Language fails us.
Modernity thought the world could be dissected and filed away in a cabinet. Post-Modernity said there were no files, or filing-cabinet (and maybe no world at all). I don't want to get into that right now, but for all the good of communication, propositional truth, authorial intent and all that â words fail us.
Imagine two artists, each sitting at an easel with a canvas on it, but they are facing each other so they can't see what the other is painting. One artist has an image in front of him, and leaning around his painting he describes it to the second artist who then does his best to replicate the image. After a long process of description and artistry the two have come to comparable conclusions on their canvasses. Not identical, but similar enough.
This is what we are doing with our words every day. We take landscapes, break them down into finer units, and then teleport them to another person's head with our words. But we also try to teleport feelings, concepts, morality, hypotheticals and imaginings, we try to take some invisible, intangible idea from our brains and throw them at another person's mind. It sounds like a difficult task, but it gets more complicated than that.
Then consider that your formation of words is a primal orchestration of your tongue and lungs and lips and teeth. Say the word 'hit' out loud (go on, even just quietly). If you're thinking about it, you might feel the letter T form in your mouth, but the word comes out so easily that you're almost passive in the process, you don't think about how to say it you just listen to what it sounds like. Then if you slow it down and emphasise the T you'll notice for that little aspirated stop. Your tongue moves to the roof of your mouth, you build up air behind it and then you release the air by taking your tongue away again. Tongue-on-the-roof-of-your-mouth-then-releasing-air noise is what we call the letter T.
Every letter is like that in its own way, even changing its exact sound depending on its place in a word. Language is all just noise. Sure there are words and letters and all that, but it's all comes down to sounds. Sounds that you have arranged in a specific order so that they make this word and not that word. Careful to space apart the word-noises so that you make sense, but don't space apart the letter-noises or you'll sound like a freak.
And when you think about it like that, it's kind of amazing how much we successfully communicate to one another. Under the surface of that heartfelt conversation you had, your mouth was dancing out noises in an order that articulated your very soul. There were silent, unconscious nuances of communication helping the noises to sound genuine, or patient, or concerned. You felt a feeling, you thought a thought, and your mouth sung a song that transported it to someone else's brain.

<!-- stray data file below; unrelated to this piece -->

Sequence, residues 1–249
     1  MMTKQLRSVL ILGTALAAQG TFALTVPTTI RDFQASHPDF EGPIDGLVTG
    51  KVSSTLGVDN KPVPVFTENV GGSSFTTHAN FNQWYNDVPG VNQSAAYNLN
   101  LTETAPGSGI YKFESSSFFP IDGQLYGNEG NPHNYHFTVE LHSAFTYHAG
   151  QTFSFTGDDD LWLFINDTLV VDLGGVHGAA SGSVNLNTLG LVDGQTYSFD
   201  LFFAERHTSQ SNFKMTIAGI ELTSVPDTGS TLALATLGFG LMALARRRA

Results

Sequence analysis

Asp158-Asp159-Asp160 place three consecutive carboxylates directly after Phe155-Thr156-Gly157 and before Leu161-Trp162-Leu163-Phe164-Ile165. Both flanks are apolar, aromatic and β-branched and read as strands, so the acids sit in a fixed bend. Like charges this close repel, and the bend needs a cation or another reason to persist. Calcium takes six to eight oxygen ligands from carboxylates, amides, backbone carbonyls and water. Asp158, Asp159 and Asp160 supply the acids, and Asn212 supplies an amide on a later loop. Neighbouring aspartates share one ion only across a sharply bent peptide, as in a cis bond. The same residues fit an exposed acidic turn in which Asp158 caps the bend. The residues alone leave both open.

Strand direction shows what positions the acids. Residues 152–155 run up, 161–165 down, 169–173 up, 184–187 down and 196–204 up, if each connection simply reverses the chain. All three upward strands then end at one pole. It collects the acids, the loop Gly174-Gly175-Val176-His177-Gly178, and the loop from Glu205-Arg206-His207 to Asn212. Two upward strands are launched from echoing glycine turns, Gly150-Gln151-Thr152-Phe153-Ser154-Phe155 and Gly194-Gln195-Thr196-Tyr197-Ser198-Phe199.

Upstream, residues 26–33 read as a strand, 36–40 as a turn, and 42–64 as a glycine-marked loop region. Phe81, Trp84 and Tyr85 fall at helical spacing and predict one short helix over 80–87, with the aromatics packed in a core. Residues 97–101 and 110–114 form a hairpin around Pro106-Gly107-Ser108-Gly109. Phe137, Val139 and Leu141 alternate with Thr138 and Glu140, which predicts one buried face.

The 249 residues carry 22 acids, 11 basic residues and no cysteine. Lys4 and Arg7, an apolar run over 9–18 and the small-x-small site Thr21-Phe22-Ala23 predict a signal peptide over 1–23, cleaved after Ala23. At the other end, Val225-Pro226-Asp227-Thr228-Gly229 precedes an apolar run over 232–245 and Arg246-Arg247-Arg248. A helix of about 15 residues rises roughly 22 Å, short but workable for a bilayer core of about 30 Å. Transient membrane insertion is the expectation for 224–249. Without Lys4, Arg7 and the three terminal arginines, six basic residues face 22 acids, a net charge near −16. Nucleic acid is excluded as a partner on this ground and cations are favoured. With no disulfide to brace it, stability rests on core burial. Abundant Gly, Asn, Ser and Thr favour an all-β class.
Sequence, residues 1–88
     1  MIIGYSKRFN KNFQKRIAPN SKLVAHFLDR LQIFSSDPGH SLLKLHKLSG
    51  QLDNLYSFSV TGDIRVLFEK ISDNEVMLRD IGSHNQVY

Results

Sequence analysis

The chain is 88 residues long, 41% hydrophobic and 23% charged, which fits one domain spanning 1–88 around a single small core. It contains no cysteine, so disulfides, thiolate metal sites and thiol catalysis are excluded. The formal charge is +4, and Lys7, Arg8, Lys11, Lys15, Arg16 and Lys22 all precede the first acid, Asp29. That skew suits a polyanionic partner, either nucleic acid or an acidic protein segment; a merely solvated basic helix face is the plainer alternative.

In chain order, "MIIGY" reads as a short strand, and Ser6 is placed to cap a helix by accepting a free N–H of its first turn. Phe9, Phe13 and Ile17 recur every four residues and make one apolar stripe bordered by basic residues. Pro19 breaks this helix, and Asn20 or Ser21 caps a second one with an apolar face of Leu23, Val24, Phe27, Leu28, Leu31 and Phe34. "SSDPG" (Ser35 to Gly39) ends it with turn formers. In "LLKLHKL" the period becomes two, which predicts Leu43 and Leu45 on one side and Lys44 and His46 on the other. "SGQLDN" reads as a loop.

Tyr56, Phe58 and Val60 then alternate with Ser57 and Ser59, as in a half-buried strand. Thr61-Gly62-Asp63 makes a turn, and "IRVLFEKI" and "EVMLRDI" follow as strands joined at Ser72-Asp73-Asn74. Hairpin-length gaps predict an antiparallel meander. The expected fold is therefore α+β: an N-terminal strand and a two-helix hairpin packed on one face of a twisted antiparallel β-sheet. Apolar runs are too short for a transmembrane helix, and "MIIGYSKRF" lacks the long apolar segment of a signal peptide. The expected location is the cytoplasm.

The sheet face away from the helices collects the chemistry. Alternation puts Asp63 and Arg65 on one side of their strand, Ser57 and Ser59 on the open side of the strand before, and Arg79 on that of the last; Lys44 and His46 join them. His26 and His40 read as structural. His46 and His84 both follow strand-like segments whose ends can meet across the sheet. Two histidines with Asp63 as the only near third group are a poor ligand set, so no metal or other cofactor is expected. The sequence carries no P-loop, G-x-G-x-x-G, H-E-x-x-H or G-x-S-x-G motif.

Yet for all the miracles of communication, there is an inherent limit in what language can do. You'll know the wonderful experience of feeling completely understood by another person, and yet probably more frequently you'll know the frustration of not being able to communicate just what you mean. For all our clever sounds and well chosen words, there are some things locked up in our heads that we can't quite transfer.
I consider that there is something profound here, in this unseen world of our thoughts. That at the heart of who we are and what we feel are some unobservable things beyond articulation.
Ransom knows this all too well. In C.S. Lewis' space trilogy Ransom visits another world, akin to the spiritual realities beyond. When He returns he has difficulty telling his friend what he has seen and experienced. At one point his friend interrupts, trying to help by saying "Of course I realise it's all rather too vague for you to put into words." To which Ransom replies, "on the contrary, it is words that are vague. The reason why the thing can't be expressed is that it's too definite for language."
We know this in ourselves, that at the heart of who we are there are landscapes we cannot properly paint, and stories we can never seem to tell. Because while the realities of God and the real substance our lives are knowable through words, analogous through experience, they are ultimately too wonderful for words.
Sam Manchester is currently a theology student with an inescapable sociology degree behind him. In an attempt to reconcile the two, he reflects and writes about their coalescence in everyday life.
Sam's archive of articles may be viewed at www.pressserviceinternational.org/sam-manchester.html